There is nothing more spectacular, and probably underappreciated, than the sight of a Mississippi kite soaring effortlessly above the Southern Illinois landscape in search of insects.
It was that sight, and the kite’s spectacular plumage (it looks something like a miniature bald eagle), that caught the attention of Southern Illinois University graduate student Ben Hendrickson. Hendrickson is conducting a study on kites through SIU’s Cooperative Wildlife Research Laboratory.
“I have been broadly interested in birds since childhood, but my interest in raptors was sparked during an ornithology course at the University of Missouri,” Hendrickson said in an email interview. “However, since kites are uncommon in central Missouri, I didn’t have much exposure to the species until I saw a posting for the master’s project with Dr. (Michael) Eichholz at Southern Illinois University.
“When I started my fieldwork, I immediately because fascinated by the aerial acrobatics and striking plumage of Mississippi kites. There is rarely a dull moment when watching a colony of kites feeding on dragonflies or soaring in the thermals.”
Hendrickson began working on the project in 2018. He plans to wrap up the study in 2020.
Anecdotally, at least, that sight is becoming more common in Southern Illinois.
Hendrickson is focusing his study in the 10 southernmost counties in Illinois. The largest concentration of kites appears to be in the Mississippi Bluffs District of the Shawnee National Forest, the Mississippi River floodplains and the Cache River wetlands.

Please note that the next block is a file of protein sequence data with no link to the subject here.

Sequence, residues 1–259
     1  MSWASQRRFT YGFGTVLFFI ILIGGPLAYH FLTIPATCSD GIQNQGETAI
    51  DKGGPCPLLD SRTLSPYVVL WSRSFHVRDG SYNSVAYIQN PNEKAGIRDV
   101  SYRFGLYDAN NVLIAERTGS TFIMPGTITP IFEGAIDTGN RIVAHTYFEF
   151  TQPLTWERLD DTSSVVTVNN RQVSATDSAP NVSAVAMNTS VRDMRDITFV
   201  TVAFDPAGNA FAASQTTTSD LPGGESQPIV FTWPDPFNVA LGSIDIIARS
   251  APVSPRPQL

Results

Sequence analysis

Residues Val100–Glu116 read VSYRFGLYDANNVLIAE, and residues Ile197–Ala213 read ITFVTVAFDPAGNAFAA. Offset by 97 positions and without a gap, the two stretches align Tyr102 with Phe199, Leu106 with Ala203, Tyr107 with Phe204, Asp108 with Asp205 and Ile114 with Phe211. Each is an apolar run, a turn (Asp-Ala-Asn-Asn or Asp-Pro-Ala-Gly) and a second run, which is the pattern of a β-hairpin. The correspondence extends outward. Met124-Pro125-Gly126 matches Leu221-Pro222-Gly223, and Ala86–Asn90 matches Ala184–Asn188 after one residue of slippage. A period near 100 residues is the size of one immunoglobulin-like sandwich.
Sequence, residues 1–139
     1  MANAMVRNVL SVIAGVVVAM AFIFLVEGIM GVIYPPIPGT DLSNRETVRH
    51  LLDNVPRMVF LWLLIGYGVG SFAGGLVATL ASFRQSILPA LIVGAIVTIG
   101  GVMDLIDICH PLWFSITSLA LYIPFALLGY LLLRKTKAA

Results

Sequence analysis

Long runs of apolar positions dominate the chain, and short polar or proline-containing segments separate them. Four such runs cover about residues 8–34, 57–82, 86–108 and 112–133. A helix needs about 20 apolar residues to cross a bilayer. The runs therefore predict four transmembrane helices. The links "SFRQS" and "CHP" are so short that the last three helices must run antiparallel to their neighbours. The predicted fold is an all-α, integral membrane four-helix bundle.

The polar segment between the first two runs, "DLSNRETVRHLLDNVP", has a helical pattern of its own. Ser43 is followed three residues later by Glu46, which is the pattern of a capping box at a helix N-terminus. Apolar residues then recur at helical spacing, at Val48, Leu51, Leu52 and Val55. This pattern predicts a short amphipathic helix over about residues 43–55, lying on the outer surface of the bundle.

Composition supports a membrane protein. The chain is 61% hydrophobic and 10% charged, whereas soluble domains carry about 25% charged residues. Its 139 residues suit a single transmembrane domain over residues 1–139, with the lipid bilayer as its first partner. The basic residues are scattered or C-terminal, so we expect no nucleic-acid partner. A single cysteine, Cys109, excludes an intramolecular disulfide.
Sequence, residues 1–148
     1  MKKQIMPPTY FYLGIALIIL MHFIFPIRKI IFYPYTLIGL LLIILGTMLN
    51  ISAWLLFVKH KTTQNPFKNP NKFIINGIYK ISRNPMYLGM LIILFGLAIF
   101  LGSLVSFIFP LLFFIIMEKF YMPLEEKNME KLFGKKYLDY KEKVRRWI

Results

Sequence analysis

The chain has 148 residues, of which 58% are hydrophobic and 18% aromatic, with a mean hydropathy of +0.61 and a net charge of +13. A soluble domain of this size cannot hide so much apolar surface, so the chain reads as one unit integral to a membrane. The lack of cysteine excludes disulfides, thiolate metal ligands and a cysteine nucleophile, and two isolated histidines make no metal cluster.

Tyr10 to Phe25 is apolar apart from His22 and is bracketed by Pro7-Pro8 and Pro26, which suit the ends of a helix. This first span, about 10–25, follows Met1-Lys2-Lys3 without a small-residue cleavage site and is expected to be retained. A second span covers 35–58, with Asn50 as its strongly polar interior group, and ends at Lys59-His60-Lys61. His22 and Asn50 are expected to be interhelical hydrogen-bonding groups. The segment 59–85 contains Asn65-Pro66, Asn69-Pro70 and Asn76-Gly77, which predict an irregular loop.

Kites are becoming a more common sight in urban areas. The birds arrive in Southern Illinois by early May and generally head to their wintering grounds in Bolivia and Argentina in late August.
“We have also noticed many Mississippi kites in urban areas such as Carbondale, Murphysboro, Chester, Thebes and Metropolis,” Hendrickson said. “We have located numerous nests in backyards, near busy roads and adjacent to heavily used shelters in state parks, but have not observed antagonistic behavior towards people.
“In contract to accounts of kite behavior in the western portion of their range where they are known to be aggressive towards humans near their nests, kites in Southern Illinois seem tolerant of human activity. It is possible that urban areas even provide a refuge from predation for breeding Mississippi kites, reducing the chance of nest failure.”
Hendrickson is hoping to determine the abundance, distribution and preferred habitat of Mississippi kites in the region. Dragonflies are the kites' primary source of food. During the day they can be seen soaring above edges of bottomland or upland forests, often near fields, ponds or wetlands. Early in the morning or evenings they can be seen perched on dead trees or branches.
“While our research cannot attest to range expansion elsewhere in North America, there is the possibility that we are observing an increase Mississippi kite abundance and reoccupation of their historic range subsequent to the decline in abundance from the 1920s to the 1950s,” Hendrickson said. “The decline is often attributed to the loss of suitable nesting habitat due to changing land-use practices such as the clearing of bottomland forest.
“Since fields have been left to fallow and forests have regrown, Mississippi kites may be finding suitable nesting habitat once again, and thus able to increase their population size locally.”
Hendrickson has enlisted the help of the Southern Illinois birding community in compiling data.
Anyone who knows potential nest locations or areas where kites are frequently seen in Jackson, Johnson, Union, Alexander, Randolph, Pulaski, Hardin, Massac and Pope counties can send the information to email@example.com.